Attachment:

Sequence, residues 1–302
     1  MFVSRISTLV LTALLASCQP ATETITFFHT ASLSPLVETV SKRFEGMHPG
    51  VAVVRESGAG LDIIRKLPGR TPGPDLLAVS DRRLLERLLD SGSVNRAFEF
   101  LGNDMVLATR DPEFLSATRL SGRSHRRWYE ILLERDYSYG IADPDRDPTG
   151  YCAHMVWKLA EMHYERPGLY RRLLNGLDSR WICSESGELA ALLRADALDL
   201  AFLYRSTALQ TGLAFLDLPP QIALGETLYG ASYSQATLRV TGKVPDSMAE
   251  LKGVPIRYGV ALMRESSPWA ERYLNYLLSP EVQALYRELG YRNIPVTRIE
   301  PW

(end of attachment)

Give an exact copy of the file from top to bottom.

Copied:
Sequence, residues 1–302
     1  MFVSRISTLV LTALLASCQP ATETITFFHT ASLSPLVETV SKRFEGMHPG
    51  VAVVRESGAG LDIIRKLPGR TPGPDLLAVS DRRLLERLLD SGSVNRAFEF
   101  LGNDMVLATR DPEFLSATRL SGRSHRRWYE ILLERDYSYG IADPDRDPTG
   151  YCAHMVWKLA EMHYERPGLY RRLLNGLDSR WICSESGELA ALLRADALDL
   201  AFLYRSTALQ TGLAFLDLPP QIALGETLYG ASYSQATLRV TGKVPDSMAE
   251  LKGVPIRYGV ALMRESSPWA ERYLNYLLSP EVQALYRELG YRNIPVTRIE
   301  PW